"Study after study suggests that handwriting is important for brain development and cognition," argued a 2010 article from The Week, citing work from University of Wisconsin psychologist Virginia Berninger, who has tested school-age children and found they tend to generate more ideas when composing essays by hand, rather than on the computer. "Writing entails using the hand and fingers to form letters ... the sequential finger movements activate multiple regions of the brain associated with processing and remembering information," echoed Wade.
It slows you down. In a good way.
The average person types between 38 and 40 words per minute, which has clear benefits when speed is the primary objective. Writing with a pen and paper, on the other hand, "requires more mental energy and engages more areas of the brain than pressing keys on a computer keyboard," Wade wrote. And because it is slower, handwriting can be particularly useful during goal setting, brainstorming and the so-called "retrieval phase of studying," she argues -- all pursuits that require time and deliberation.
"When you're writing out something, the natural inclination is to do it as quickly as possible so you can get it over with," echoed Thorin Klosowski, in a LifeHacker post on simplifying one's life through the use of pen and paper. "Paper slows me down and forces me to think a little bit longer about what I'm doing."....
“The tried and true tool of choice for generations of monks, philosophers, and scribes, pen and paper are still a valid choice when you need to focus.”
- Dustin Wax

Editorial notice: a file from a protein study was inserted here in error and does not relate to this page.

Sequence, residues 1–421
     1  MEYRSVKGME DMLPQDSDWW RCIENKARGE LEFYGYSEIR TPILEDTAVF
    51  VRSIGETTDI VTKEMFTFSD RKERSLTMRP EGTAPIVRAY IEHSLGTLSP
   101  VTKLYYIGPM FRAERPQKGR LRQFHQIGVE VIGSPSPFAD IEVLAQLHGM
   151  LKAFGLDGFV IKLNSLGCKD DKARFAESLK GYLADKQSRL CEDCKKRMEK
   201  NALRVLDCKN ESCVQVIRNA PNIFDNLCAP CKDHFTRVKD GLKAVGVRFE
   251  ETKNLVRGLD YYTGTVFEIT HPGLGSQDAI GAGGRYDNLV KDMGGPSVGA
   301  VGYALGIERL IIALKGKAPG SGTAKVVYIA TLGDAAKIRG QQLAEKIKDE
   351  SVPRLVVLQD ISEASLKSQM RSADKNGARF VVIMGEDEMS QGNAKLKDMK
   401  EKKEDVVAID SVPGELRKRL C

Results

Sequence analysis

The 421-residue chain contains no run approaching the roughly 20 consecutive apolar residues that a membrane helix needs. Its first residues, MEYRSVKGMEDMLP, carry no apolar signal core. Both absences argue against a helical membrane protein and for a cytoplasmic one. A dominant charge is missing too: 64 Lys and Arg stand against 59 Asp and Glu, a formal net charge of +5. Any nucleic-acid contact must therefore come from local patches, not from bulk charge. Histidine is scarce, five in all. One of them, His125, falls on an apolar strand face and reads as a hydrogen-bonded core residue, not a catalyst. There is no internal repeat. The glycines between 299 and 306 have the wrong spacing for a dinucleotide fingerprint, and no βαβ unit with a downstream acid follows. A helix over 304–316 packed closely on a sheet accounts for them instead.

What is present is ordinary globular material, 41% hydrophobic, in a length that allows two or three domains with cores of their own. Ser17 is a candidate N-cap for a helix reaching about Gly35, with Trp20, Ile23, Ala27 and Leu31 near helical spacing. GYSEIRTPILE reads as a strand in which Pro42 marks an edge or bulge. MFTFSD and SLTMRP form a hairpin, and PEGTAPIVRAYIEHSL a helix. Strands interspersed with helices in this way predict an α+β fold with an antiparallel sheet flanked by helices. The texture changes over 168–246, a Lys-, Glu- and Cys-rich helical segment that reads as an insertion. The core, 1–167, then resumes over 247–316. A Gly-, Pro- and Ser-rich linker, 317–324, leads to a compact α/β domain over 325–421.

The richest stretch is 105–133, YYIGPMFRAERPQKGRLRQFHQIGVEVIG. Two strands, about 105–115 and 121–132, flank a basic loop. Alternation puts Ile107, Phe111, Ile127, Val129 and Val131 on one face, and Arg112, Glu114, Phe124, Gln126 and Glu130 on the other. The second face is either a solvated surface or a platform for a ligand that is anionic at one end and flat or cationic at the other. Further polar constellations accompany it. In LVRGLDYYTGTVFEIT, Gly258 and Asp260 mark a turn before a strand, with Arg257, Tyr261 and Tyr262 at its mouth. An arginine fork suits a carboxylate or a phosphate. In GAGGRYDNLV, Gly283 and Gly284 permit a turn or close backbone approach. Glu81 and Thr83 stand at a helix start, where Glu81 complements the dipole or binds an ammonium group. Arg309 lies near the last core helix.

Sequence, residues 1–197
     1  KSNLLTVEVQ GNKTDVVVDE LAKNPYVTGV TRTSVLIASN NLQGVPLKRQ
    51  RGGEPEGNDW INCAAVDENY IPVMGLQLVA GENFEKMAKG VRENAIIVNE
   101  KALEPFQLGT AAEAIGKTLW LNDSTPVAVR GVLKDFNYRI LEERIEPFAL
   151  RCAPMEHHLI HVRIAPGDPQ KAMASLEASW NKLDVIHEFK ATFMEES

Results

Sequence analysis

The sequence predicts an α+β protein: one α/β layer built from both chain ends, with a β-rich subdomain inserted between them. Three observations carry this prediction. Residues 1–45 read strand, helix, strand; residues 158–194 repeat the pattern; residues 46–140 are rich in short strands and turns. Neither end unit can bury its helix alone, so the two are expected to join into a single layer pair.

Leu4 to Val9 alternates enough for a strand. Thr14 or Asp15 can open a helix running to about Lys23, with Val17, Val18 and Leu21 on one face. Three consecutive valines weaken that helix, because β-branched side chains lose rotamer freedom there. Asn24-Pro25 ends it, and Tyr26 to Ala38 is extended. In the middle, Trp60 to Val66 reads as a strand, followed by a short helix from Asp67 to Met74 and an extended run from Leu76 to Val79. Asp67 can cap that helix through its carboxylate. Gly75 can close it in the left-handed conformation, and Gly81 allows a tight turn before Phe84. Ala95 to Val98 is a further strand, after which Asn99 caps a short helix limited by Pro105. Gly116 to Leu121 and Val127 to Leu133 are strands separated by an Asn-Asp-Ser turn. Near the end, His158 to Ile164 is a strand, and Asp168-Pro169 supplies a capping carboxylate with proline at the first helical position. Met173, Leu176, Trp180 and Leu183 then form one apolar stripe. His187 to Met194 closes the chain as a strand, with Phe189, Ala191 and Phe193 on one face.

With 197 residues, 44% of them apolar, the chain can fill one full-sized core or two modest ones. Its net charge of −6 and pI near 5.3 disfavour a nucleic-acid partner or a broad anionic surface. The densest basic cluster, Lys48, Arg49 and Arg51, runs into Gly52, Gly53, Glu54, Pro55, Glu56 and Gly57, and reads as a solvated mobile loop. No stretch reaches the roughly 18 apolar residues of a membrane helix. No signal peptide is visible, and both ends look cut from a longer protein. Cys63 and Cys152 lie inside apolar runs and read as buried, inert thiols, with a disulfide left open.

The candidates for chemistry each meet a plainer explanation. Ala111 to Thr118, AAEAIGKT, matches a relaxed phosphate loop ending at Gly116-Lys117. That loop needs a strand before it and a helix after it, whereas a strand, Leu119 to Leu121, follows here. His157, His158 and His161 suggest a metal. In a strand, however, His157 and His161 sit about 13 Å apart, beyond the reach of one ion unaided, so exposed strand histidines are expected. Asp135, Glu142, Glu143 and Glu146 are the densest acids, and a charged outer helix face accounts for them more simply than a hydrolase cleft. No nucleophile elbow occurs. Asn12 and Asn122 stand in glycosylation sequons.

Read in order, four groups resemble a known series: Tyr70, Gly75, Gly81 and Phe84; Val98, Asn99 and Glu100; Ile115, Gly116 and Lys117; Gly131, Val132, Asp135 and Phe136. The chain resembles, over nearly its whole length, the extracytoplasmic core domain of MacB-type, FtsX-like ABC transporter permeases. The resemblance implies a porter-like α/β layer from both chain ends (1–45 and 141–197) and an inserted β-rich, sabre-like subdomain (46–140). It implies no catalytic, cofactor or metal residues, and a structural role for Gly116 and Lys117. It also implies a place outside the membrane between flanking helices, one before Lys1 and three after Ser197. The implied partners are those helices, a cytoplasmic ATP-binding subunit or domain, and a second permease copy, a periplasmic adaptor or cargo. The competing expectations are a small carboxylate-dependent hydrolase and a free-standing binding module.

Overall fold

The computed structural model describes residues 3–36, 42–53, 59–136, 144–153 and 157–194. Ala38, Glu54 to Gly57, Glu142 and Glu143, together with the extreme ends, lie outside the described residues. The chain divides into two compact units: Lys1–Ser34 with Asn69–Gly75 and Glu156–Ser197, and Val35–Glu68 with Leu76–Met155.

It sparks creativity.
This last one is impossible to quantify, of course, but as writer Lee Rourke explained in a post for The Guardian (called, appropriately, "Why Creative Writing Is Better With The Pen"): "For me, writing longhand is an utterly personal task where the outer world is closed off, just my thoughts and the movement of my hand across the page to keep me company. The whole process keeps me in touch with the craft of writing. It's a deep-felt, uninterrupted connection between thought and language which technology seems to short circuit once I begin to use it."
The legion of famous writers who purport to use only pen and paper suggests there might be something to the notion that it somehow boosts creative output: Quentin Tarantino claims to write all of his scripts longhand, telling Reuters, "I used red and black [pens]. One of the great things about being a writer is it gives you complete license to have whatever strange rituals make you happy and productive." Joyce Carol Oates now writes the first draft of all of her novels on pen and paper, as does Jhumpa Lahiri, according to Mashable.
By Catherine Pearson for Huffington Post ● Posted: 09/12/2014 (Photo by Adrian Samson)